A "Plague" of Locusts is Overtaking East Africa Right Now

••• TONY KARUMBA/AFP/GettyImages

While the world is bracing itself for a coronavirus outbreak, a different kind of infestation is going down in East Africa: desert locusts.

The insects, which look a lot like grasshoppers, are causing chaos in countries including Somalia, Ethiopia, Sudan, Yemen and Kenya. Experts are worried that China, which is already reeling thanks to the coronavirus.

The current outbreak is the worst in decades. The insects have already destroyed hundreds of thousands of acres of crops and show no signs of stopping. In fact, experts are worried it will only get worse -- like, 500 times worse -- as heavy rains are expected in March, allowing billions more locust larvae to hatch.

Plus, it’s hitting areas already dealing with famine and civil war, making it more difficult for some countries to get the resources necessary to fight the swarms or assure the safety of the on-the-ground exterminators. Kenya ran out of pesticides for about a week, and Ethiopia needs funding to secure more plans to spray pesticides. The situation is grim, and the UN is calling on other countries to help the region avoid severe famine and crop destruction.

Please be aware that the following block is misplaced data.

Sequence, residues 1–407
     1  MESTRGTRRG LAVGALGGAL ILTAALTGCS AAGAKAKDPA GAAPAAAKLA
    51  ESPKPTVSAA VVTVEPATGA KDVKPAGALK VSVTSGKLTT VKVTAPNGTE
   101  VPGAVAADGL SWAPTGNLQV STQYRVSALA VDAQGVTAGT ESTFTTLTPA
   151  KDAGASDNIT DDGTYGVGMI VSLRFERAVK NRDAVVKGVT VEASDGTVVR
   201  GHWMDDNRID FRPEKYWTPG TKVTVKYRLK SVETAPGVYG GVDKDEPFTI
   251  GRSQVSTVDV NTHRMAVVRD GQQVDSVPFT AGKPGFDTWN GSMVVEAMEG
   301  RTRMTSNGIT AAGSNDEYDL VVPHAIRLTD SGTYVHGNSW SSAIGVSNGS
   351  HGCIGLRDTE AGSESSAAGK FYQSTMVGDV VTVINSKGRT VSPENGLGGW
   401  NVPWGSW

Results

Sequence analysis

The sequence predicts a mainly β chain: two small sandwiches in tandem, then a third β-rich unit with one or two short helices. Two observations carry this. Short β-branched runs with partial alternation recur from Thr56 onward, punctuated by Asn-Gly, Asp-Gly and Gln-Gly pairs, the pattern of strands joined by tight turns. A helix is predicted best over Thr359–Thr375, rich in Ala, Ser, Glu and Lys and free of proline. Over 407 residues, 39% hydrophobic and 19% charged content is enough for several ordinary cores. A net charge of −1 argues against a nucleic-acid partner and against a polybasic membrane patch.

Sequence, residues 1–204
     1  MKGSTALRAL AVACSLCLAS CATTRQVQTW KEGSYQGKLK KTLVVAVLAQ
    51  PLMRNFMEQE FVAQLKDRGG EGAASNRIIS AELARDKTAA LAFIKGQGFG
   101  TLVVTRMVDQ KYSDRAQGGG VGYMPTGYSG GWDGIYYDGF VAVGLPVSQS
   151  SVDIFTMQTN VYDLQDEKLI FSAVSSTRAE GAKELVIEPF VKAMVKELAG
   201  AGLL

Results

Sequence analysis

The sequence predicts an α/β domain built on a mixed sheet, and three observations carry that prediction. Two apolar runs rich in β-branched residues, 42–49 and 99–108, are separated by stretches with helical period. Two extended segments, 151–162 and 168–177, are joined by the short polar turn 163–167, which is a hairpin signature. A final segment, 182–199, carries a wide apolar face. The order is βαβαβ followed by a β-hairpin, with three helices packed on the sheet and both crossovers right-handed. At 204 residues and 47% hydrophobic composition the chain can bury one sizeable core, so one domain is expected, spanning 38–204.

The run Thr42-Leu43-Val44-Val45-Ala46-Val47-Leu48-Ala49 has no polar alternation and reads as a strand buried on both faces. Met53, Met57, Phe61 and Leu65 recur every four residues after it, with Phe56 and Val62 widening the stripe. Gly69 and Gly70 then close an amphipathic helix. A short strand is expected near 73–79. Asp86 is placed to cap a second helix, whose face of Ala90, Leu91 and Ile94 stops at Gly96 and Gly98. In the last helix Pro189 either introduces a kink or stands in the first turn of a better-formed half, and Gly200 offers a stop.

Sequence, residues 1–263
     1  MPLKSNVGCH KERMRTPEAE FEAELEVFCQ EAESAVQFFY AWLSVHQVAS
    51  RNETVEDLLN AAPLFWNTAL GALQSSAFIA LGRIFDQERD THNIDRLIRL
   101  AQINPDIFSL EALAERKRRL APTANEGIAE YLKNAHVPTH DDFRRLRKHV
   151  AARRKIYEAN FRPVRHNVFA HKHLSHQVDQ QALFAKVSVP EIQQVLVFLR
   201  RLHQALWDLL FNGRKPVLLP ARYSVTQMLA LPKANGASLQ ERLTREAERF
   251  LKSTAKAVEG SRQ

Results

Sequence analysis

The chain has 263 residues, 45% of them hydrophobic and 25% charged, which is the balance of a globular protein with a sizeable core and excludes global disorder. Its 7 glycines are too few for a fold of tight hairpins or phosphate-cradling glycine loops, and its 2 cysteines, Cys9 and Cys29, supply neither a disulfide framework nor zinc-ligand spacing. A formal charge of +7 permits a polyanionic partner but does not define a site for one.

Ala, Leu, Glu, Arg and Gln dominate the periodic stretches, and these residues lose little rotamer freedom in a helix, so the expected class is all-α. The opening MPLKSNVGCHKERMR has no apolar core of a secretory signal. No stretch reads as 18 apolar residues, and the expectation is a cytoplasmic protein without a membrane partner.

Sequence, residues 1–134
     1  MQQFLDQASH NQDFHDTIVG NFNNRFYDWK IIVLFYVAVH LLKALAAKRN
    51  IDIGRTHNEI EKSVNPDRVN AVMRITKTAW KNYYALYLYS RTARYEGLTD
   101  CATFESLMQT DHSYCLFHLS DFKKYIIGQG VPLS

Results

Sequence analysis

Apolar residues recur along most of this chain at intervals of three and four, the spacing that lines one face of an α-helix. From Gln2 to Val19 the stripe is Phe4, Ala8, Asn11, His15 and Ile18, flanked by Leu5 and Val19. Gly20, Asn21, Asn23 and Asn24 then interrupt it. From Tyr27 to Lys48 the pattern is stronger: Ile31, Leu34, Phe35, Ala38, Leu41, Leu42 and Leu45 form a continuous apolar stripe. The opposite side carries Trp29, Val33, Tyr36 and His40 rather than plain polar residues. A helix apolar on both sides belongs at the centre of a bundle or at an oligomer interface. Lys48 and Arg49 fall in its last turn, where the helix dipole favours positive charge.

I Thought Locust Swarms Only Happened in the Bible?

It’s true that locusts were one of the 10 plagues of Egypt described in the Bible, along with terrible scourges like water turning to blood and three days of darkness. Unfortunately, the swarms have reared their ugly heads outside of the pages of the Bible, too.

In 1875, a whopping 12 trillion locusts descended on the American West in what’s now known as the Rocky Mountain locust outbreak. They turned skies black, ate everything in sight, and then, incredibly, that variety of locusts went extinct within about 30 years.

Part of the reason that locusts are so devastating is because they have enormous appetites. They don’t carry disease or attack humans, but in a single day, swarms of locusts can travel 100 miles and eat their weight in crops like corn and wheat. Without pesticides to keep them away, acres and acres of crops can be completely wiped out, leaving farmers penniless and people starving.

Why Now?

You might be wondering why, if locusts can do so much damage, you don’t hear about these destructive swarms more often. The answer is that conditions have to be just right for the outbreaks to occur, and unfortunately, they are right now.

For years, severe droughts have plagued several areas of East Africa, leading to an already fragile food situation. So the forecast of heavy rains should have been welcome. Instead, though, the rains have brought flash floods and locusts.

Scientists are worried that as ocean temperatures continue to rise, bringing about extreme weather patterns like cyclones that can bring unusually heavy rains to areas of East Africa, terrifying locust swarms will only become more common.

About the Author

Rachelle Dragani is a freelance writer based in Brooklyn with extensive experience covering the latest innovation and development in the world of science. Her pieces on topics including DNA sequencing, tissue engineering and stem cell advances have been featured in publications including BioTechniques: the International Journal of Life Science Methods, Popular Mechanics, Futurism and Gizmodo.